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Gift Guide Week: Matthew Stepanic
We teamed up with Matthew Stepanic, writer, and poet, as well as co-founder of Glass Buffalo and Glass Bookshop, for today’s gift guide series. Stepanic tells us that, “My main mission on this good green earth is to help as many folks as possible discover that poetry is not the intimidating genre they studied in school, but rather full of endless possibilities.”
Matthew’s PicksFor the friend who wants to get into poetry:Best Canadian Poetry 2023, Ed. John Barton (Biblioasis) As a bookseller, I heard from so many folks who were afraid to dip their toes into poetic waters, and I feel the most pride when I can find books that gently guide in the poetry-curious. Biblioasis’ Best Canadian series is the perfect first step. For the 2023 edition, editor John Barton has assembled fifty poems that represent the best from veterans and new voices that were published in lit mags in 2021. With heavy hitters such as Billy-Ray Belcourt, Bertrand Bickersteth, Jake Byrne, Penn Kemp, and Jan Zwicky, this collection will surprise and delight readers with a diverse range of what’s possible in the form, and will help guide them to discover books and poets they’ll want to read more from.For the child who wants to discover themselves or learn acceptance:The Name I Call Myself, Hasan Namir (Arsenal Pulp Press) This charming and tender book follows young Ari’s gender journey each year from a young child through to their teens. Whether a child is questioning or not, this picture book will help them understand how gender expectations can be harmful and why it’s better to allow a child to feel comfortable in their own skin. A teacher once shared with me an incredible story about how after they read this book to their class, a student felt comfortable to come up to them at the end of the day and share how they too were questioning their gender identity. It’s a powerful book that I hope more young readers discover so they feel safe to explore their identity and grow into their wonderful self.For the parent who needs to read beyond Stephen King:There Are Wolves Here Too, Niall Howell (NeWest Press) I don’t like to shame someone for their reading preferences, but if I know they’re making their third trip through King’s catalogue, I’m very tempted to swap out whatever book is in their hands. Stephen King helped me through my teen years, and I’m grateful for the world of (much better) horror that he opened up for me. Niall Howell’s sophomore novel is a comforting coming-of-age horror in the style of King because it hits all those nostalgic notes for me. A missing child causes the teen protagonist Robin to become more paranoid about the folks in his life as he begins to suspect darker elements may be at play in the disappearance. As a ’90s kid who grew up in a small town, I feel myself naturally slipping back into that time in my life and can connect with that feeling when you suddenly realize the world is less safe than you originally believed.For the friend who appreciates book design:Whitemud Walking, Matthew James Weigel (Coach House Books) Although everyone should read this book just because it’s brilliant, I want to highlight how this is one of the most beautiful books published this year. (It even won the poetry category at the Alcuin Society Book Design Awards!) In collaboration with the author, Crystal Sikma has designed a book whose experience and message is heightened by its design. No thumbnail does it justice until you see that gorgeous embossed silver river reflect in your hand. An experimental blend of poetry, memoir, photos, and archival documents, Whitemud Walking interrogates the colonial violence of the archive and how these institutions steal agency and history from Indigenous peoples. Settler documents are moved to the margins and others are “stolen” back in this work of art that needs to be held and flipped through to fully appreciate its brilliance.For the friend who’s gone through it:Tear, Erica McKeen (Invisible Publishing) Because I’m a huge reader of horror, it’s natural that the genre needs to appear twice on my list. Erica McKeen’s haunting book is a unique entry in the genre and contains themes of intergenerational trauma, neglect, and emotional abuse. In a twisted form that jumps around time, McKeen’s lyrical debut drags you down into the depressed mind of its protagonist Frances, and causes you to question the reality of the novel as she does. Though it’s not a strategy for everyone, whenever I’m processing trauma, I throw myself headfirst into stories that connect with my own experience. (I watched dozens of movies where the dog dies after I had to put mine down earlier this year.) As an abuse survivor, I found this book helpful in understanding my mangled brain once I was on the other side of the experience. This novel is one to gift with a note that says, “When you’re ready,” to avoid a triggering episode, but I hope that it offers others the strange validation and comfort that it did me.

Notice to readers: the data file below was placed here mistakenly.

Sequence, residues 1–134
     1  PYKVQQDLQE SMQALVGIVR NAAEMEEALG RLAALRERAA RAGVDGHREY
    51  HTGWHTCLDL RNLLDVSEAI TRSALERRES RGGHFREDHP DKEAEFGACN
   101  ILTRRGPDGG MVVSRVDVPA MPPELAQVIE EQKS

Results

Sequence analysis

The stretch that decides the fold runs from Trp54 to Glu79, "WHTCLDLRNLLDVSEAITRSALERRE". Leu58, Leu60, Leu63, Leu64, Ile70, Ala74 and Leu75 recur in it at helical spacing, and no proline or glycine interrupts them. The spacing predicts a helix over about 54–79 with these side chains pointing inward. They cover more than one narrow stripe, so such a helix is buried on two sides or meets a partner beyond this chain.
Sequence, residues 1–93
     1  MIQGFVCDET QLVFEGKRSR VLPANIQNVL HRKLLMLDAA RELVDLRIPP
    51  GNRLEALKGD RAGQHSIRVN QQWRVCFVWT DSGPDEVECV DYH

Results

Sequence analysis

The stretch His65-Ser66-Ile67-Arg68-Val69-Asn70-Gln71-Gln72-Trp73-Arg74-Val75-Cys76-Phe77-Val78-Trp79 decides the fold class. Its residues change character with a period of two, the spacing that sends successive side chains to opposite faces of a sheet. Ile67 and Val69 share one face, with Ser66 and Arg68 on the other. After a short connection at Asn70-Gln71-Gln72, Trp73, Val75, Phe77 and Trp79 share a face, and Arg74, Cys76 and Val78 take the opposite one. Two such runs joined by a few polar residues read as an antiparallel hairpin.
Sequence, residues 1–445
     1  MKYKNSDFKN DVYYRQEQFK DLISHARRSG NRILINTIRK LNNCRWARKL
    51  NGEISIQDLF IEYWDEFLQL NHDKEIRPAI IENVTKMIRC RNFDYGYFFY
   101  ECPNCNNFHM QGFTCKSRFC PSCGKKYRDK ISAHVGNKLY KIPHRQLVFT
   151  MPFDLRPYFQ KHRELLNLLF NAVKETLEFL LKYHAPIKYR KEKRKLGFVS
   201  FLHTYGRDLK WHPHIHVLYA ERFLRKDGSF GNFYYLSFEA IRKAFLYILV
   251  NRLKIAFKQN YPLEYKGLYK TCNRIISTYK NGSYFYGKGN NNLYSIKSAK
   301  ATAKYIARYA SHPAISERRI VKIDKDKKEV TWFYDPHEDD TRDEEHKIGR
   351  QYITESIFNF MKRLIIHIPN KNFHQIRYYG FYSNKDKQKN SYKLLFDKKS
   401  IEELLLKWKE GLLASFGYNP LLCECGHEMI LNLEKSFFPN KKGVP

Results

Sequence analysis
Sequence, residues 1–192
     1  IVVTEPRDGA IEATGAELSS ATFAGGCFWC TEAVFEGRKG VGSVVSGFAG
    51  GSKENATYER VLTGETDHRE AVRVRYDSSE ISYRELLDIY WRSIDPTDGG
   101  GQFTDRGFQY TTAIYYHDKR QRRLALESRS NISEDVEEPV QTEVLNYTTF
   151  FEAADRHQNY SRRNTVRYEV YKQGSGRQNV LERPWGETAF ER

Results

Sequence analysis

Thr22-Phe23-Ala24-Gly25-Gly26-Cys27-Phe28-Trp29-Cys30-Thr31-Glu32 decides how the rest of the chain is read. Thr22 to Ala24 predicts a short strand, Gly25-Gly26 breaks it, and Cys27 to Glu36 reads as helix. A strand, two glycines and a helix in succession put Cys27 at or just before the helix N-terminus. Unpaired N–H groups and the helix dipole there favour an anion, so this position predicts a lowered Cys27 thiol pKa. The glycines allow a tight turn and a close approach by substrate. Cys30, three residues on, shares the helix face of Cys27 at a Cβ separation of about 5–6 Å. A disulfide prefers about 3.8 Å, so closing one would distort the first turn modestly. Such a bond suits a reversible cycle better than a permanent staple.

* * *Thank you to Matthew Stepanic for sharing their amazing, poetic gift guide picks. Stay tuned all week for more picks from book experts across the country!